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Febres Cordero | A new hybrid building in the historic center of Cuenca

Category: ⚐ EN+architecture+ecosistema urbano+mixed-use building+sustainability

Vista aerea febres

The Febres Cordero building was developed within the scope of CUENCA RED, the urban reactivation strategy for Cuenca, Ecuador. The aim of Cuenca Red was to incorporate activities and programs in the Historic Center in order to create a new network of reactivated public spaces. One of those spaces is Febres Cordero, an emblematic and historical building which had functioned as a school for decades.

This building has great heritage value and has one of the largest courtyards of the entire historic center (3,300 m2). It is located on Gran Colombia Street, right next to the tram line. It is comprised of two main volumes, one of them  with much less quality and architectural interest.

The building was going to stop its activities within a few months of the beginning of the project, as the school was going to be relocated into a new building. Also, the school has been an important node of social and economic activity for years on the area. This large community injects daily activity into the center of Cuenca.

Fachada Exterior Febres Cordero

Activity from the beginning

One key aspect of the project was not only to design a building with new uses and programs, but also to plan the transition process between one moment and the other. We conceived the project from its Phase 0, in order to unleash, through different actions and activities, dynamism and interest in the future of the building and its interior space.

Space is activated from the beginning, dividing the construction into 3 phasesThe project is planned in 3 phases. The first one is really important, consisting of the opening and reactivation of the central courtyard as a public space for events and activities. This phase is esentially low cost, but its implementation will have a strong impact in keeping momentum and activity around the area, and also generating interest and expectations around the building. Subsequently, the reconditioning and construction of the building will be carried out, and finally the climatic conditioning of the new interior square.

In search of new uses

Following our conclusions of the urban analysis, we noted the progressive emptying of housing in the Historic Center of Cuenca. Although the center still continues to be an active space for tourism and commercial activity, the number of residents is decreasing, moving towards the perimeter of the city center.

This is certainly a problem, especially in the afternoon or the evening, when the shops and offices close, and the lack of activity and people in the area becomes more evident. That emptiness generates unfavorable conditions, like sense of insecurity, or an increase in the number of abandoned or underused properties.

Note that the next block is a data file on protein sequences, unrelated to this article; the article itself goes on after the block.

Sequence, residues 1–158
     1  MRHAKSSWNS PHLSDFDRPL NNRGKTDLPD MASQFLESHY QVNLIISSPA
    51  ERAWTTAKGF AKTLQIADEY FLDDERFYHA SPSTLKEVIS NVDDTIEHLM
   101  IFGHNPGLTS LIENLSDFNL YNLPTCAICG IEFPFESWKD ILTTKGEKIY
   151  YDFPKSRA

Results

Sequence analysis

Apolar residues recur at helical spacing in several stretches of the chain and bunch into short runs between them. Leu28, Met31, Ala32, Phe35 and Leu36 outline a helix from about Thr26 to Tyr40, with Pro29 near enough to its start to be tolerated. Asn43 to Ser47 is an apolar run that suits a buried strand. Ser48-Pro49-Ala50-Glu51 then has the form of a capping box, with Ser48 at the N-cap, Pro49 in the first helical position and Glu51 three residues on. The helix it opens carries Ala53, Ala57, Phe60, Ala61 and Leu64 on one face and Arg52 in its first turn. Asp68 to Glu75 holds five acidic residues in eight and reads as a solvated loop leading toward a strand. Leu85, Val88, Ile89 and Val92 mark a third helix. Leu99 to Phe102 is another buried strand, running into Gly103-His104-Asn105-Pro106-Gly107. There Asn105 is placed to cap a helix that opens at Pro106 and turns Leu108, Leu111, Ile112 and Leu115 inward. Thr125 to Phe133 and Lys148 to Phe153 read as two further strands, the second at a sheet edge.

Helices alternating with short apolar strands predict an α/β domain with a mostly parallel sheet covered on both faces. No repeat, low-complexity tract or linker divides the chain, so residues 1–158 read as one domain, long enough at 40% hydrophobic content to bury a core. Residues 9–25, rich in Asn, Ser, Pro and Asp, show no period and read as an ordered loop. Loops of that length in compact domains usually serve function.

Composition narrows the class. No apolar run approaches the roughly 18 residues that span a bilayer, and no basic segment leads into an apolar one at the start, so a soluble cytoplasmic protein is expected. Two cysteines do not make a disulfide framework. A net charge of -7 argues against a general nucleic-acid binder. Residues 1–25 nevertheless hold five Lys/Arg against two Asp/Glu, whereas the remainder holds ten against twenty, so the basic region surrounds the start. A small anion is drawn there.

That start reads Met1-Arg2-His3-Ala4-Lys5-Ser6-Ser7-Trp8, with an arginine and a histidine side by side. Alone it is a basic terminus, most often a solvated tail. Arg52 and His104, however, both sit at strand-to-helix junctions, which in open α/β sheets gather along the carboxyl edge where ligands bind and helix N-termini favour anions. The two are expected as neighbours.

FebresCordero_01

Current status of the interior patio of the Febres Cordero School in Cuenca, Ecuador.In this complex context we identified, through a participatory process partly hosted in the school itself, the need of strengthening the resident population living in the center of Cuenca. It was also key to generate conditions for other families to consider attractive and feasible to live there. The inhabitants of the CHC and technicians who participated in the participatory process agree that the building has optimal conditions to become a new “catalyst” of the city. The Febres Cordero building can be reconstructed as a pilot project that will address many of the opportunities and challenges shared with other historic centers in Latin America.

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Participatory activities carried out with the students of the Febres Cordero School

A hybrid architectural complex

Febres Cordero does not only house a school, but also commercial premises along the ground floor. The project aims to enhance this aspect, creating a hybrid building capable of bringing together different programs, generating a diverse community that serves as a reference for social and economically sustainable urban intervention.

The rehabilitation of the Febres School seeks three main goals, as steps towards the improvement of the Historic Center:

  • Increasing the extension of public spaces in the area
  • Providing diverse housing typologies (including social housing)
  • Generating a new heart of urban activity through the insertion of new facilities.

Hybrid program of the new complex

To achieve this, Febres Cordero comprises 3 components:

  • Rehabilitation of the existing heritage building (4.500 m2) with new apartments, students dormitory, commercial ground floor, common workspaces, rest area and an elevated outdoor public space.
  • Construction of a new building (5.000 m2) on the surface freed by the demolition of the unprotected building. It is mainly residential and will also have a series of additional services and facilities that are of a public nature and therefore accessible to the rest of the inhabitants of the complex.
  • Reconfiguration of the inner courtyard as a new public square for the city (3.300 m2).
ESTRATEGIAS FEBRES